For documents that are not written in the Latin alphabet, we always ask clients to provide us with the spellings of all proper nouns (people, places, organisations) in the document before we begin the translation. There are limits as to what we can do, though, because of legal regulations.
No. Translators are bound by the AUSIT Code of Ethics to translate only what is on the document. If there is an error in your document, you will need to go back to the authority that issued the document to have it corrected. We might be able to add an explanatory comment in some situations, though.
No. Translators are bound by the AUSIT Code of Ethics to translate only what is in the document. If there is an error in your document, you will need to go back to the authority that issued the document to have it corrected. We might be able to add an explanatory comment in some situations, though.
No, we only provide certified translations. However, if you need to take your documents to the Department of Foreign Affairs and Trade (DFAT) to get an Apostille stamp, you must let us know, as we will need to provide a different certification in this case. The translator must sign and stamp all pages, so you will need to order originals as well.
Yes, we offer notarisations for the overseas use of translation certifications. Notary fees apply, so please make sure you mention this requirement when you first enquire with us.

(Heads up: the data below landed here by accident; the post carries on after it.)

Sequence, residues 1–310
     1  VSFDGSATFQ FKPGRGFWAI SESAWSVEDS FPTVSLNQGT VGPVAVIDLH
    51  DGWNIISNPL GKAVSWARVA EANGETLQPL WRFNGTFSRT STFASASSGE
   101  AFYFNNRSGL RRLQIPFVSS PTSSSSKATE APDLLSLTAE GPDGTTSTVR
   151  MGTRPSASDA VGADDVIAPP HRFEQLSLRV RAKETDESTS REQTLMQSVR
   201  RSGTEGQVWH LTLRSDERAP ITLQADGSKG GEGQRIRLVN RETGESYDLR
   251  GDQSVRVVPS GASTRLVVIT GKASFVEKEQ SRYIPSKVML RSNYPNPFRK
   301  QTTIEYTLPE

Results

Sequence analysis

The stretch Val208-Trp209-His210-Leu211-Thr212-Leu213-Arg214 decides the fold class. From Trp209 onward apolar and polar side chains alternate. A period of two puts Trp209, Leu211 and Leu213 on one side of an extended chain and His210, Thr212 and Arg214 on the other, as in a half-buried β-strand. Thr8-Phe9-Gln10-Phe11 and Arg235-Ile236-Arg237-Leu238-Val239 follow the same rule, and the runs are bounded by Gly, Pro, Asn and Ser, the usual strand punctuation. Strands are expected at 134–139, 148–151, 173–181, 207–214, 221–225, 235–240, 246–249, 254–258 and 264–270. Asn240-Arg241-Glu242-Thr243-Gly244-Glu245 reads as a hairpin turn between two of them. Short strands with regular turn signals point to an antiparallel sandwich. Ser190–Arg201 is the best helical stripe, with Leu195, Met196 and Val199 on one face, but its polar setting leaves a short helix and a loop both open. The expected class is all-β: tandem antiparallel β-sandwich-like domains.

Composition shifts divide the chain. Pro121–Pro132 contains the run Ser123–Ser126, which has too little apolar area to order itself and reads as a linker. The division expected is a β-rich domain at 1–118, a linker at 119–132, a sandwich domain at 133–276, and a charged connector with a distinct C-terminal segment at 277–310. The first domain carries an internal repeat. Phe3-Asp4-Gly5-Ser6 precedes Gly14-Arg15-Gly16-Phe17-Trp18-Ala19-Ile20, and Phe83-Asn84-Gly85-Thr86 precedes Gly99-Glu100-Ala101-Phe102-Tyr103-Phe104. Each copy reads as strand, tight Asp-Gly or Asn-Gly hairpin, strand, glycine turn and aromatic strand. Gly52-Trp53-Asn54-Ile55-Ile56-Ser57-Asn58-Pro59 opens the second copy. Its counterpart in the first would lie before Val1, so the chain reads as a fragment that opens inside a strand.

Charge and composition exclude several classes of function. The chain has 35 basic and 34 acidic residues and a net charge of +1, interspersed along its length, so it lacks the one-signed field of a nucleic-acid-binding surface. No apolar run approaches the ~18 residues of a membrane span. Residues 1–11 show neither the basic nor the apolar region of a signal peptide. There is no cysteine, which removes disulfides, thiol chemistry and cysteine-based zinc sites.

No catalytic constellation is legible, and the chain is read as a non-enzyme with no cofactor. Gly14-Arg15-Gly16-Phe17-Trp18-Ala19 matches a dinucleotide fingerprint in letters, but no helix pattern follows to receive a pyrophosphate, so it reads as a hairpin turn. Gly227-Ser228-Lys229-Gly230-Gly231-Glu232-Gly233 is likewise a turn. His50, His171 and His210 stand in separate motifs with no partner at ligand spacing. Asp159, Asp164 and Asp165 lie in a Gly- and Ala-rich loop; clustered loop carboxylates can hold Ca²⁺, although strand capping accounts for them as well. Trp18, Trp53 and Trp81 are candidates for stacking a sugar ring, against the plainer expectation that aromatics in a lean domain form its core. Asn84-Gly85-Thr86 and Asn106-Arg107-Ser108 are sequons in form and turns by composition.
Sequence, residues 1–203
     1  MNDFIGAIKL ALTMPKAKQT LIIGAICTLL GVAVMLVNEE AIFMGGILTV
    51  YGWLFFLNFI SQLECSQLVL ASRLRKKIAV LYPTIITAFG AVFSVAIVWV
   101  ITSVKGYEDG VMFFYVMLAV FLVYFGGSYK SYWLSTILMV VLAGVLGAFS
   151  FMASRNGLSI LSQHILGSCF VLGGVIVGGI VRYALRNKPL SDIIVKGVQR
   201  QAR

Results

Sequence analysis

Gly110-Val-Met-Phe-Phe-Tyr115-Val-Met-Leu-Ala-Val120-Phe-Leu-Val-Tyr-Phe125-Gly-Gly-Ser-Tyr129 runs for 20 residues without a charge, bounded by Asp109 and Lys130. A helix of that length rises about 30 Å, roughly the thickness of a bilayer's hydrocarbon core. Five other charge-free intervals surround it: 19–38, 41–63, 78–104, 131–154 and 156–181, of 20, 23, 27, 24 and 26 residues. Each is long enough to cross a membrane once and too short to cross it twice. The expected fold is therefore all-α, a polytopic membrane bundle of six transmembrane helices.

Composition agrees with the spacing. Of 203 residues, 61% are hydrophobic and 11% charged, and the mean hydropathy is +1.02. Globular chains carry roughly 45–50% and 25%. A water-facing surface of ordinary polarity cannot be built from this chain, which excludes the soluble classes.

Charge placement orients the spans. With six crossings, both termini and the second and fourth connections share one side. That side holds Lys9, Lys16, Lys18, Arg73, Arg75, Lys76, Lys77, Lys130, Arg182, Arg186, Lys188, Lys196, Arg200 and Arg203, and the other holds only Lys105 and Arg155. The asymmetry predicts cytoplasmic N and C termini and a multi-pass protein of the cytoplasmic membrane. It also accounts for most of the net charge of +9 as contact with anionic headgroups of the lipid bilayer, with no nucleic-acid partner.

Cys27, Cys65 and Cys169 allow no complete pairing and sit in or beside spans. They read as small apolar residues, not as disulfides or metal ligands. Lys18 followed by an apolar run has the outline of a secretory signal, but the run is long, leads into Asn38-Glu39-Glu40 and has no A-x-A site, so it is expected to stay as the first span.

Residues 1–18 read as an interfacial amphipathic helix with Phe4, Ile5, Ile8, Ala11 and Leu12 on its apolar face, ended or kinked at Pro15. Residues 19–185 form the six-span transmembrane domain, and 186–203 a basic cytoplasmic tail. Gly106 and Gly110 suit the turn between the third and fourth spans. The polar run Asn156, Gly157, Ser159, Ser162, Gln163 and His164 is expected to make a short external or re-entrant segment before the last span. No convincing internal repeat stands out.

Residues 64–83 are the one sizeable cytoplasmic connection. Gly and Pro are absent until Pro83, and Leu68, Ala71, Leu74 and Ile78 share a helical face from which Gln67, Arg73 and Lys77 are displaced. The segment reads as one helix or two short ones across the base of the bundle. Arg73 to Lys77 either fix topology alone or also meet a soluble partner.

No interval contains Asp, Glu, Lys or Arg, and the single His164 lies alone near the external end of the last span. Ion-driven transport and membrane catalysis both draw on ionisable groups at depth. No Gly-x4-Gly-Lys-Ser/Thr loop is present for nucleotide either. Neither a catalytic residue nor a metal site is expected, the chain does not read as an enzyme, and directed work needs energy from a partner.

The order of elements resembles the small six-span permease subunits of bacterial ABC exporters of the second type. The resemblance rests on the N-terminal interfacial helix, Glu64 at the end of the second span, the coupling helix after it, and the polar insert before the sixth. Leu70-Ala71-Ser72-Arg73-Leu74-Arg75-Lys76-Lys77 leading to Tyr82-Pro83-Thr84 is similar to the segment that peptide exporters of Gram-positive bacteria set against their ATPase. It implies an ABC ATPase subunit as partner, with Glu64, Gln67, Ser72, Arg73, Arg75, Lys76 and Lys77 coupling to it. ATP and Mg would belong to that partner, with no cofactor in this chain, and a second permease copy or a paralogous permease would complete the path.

This will depend on the translator’s availability and schedule, but we will of course try to accommodate any requests. We aim for clients to be 100% happy with our service. Rest assured, though, that all the translators on our panel are experienced professionals and native speakers.
No. You will see the translation and have the opportunity to check it before we get the affidavit; however, it is not possible to get a scanned version of the completed affidavit because it will be posted immediately after the translator’s visit to the courthouse.
We cannot give you advice on the apostille process. You will need to check this with the specific department or authority you are going to submit the translation to.
No. We will provide you with an electronic version (PDF file) of the translation, but this will not carry a stamp. Only the paper original that you receive in the mail will contain the translator’s personal stamp and signature. This is due to security and identity-fraud prevention measures.
DFAT is the Department of Foreign Affairs and Trade. If you need to submit your documents to the DFAT to get an apostille stamp, you must let us know.